Ten for Ten

Ten for Ten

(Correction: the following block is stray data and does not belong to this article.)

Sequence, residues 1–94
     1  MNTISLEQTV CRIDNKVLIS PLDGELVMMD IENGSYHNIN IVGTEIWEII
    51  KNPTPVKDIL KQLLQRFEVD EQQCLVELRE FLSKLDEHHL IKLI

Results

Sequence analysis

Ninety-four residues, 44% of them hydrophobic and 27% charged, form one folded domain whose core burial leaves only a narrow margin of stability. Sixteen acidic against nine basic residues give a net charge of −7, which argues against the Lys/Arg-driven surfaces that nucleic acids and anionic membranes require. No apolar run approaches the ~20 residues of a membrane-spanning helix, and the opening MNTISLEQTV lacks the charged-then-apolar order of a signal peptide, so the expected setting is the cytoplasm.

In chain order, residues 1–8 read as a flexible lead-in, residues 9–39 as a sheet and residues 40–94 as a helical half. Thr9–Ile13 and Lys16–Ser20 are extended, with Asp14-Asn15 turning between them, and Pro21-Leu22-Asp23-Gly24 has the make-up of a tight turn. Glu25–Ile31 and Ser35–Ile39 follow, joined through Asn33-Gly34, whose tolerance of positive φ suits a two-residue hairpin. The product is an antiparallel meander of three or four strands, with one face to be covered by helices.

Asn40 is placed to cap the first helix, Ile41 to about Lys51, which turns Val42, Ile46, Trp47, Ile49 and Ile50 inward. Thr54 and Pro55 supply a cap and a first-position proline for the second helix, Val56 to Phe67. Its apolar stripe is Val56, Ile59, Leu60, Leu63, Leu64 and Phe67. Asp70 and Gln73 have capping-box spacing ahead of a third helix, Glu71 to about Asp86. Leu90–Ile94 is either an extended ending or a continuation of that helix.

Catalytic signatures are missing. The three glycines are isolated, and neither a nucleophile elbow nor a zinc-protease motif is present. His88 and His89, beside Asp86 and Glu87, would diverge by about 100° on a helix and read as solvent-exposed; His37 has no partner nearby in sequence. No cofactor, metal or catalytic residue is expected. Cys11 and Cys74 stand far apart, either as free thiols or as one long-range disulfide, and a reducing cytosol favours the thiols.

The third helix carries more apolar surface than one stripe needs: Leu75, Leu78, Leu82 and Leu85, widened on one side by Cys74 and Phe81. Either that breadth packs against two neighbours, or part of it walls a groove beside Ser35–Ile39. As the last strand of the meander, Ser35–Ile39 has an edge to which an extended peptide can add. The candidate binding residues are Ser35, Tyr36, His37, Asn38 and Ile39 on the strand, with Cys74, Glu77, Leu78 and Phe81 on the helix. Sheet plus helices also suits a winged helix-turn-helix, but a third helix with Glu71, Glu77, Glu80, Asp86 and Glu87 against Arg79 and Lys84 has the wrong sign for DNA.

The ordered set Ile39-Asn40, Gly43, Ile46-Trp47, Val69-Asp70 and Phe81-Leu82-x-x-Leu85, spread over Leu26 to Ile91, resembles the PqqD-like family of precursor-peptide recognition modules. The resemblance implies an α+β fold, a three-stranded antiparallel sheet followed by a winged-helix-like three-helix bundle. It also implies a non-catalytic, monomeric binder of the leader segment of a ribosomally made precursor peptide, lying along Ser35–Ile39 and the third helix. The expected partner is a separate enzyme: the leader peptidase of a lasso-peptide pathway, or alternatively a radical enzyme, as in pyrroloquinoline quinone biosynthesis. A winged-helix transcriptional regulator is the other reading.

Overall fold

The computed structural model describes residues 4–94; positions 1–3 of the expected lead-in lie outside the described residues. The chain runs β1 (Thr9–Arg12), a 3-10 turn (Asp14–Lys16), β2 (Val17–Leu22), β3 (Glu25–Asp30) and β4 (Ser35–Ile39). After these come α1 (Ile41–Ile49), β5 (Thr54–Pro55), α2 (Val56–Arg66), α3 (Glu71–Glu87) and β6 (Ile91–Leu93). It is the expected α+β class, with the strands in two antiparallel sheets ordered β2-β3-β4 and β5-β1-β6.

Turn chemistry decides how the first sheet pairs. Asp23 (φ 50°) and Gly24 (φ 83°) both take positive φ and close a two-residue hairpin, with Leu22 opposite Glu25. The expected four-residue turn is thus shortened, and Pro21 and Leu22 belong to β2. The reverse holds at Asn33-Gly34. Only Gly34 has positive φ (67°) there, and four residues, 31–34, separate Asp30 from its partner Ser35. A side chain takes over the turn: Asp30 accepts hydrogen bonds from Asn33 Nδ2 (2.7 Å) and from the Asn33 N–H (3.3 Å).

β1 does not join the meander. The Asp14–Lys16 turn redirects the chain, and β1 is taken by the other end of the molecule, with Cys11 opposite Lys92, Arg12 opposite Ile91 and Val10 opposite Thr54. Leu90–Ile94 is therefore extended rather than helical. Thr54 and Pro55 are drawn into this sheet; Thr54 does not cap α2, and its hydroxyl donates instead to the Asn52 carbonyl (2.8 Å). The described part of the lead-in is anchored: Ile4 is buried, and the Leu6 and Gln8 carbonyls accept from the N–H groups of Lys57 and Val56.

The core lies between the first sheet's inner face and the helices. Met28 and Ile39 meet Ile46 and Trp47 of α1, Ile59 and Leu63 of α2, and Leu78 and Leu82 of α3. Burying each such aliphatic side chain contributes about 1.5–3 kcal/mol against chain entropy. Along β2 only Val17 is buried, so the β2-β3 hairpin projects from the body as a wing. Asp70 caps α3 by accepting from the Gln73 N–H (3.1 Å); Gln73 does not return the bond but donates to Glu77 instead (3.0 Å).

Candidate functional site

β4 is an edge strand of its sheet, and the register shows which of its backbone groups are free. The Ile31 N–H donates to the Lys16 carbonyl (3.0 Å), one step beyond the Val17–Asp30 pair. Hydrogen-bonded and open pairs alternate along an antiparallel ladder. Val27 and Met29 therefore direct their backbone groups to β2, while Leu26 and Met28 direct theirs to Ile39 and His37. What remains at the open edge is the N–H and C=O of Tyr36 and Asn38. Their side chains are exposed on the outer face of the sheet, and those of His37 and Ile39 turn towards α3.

Sandlot baseball is among us. Many have moved on to bigger fields, middle school ball..or even high school ball. Regardless of the diamond it is arguably one of the best times of the year. Grass is getting greener, honeysuckle is on its way, and the dirt stains on your kids’ pants from them sliding brings an odd amount of joy. This past Sunday we (my oldest son) had a little scrimmage game. The odds were against him on the mound. It wasn’t made for his stature, and the fact that he hasn’t practiced pitching since October came together to make it an epic disaster. His effort was at one hundred percent. His composure was at one hundred percent. His balls-to-strike ratio, well let’s just say it was less than desirable. I ached watching him through the chain link fence. I wanted to make the mound bigger, I wanted the coach to pull him, to save him from the embarrassment. I cheered for every strike and gave a “shake it off kid” for every wild pitch. The game finally ended and the ride home was his dad and my best attempt at encouragement. Even so, he had it stuck in his mind there was an expectation unmet due to his pitching. We left the conversation at the truths of the day. We are proud, you are only ten, and all we will ever expect is your best, in all things, not just sports. I went in to cook supper and a friend came over for a bible study. She walked in and said “what’s Andy doing? He hasn’t stopped running since I pulled up.” I looked out of the window at what I later learned was his last lap. When he walked in I asked why was he running so much outside. “Mom, across the yard and back is one. I did ten laps. One for every run I gave up today. My team expected more from me, and even though it was my best, they expected more. So I ran for the runs I gave up, I ran for my team.” After a long pause with the most dumbfounded blank stare, I told him I loved him and to go wash up. Watching him through the fence that day was painful. I hurt for him, and I wanted to take the “failure” away, but thank goodness I didn’t because those ten runs made him better, and without a doubt, my kids’ response to those ten runs made me better. Keep getting better- Coach Mama


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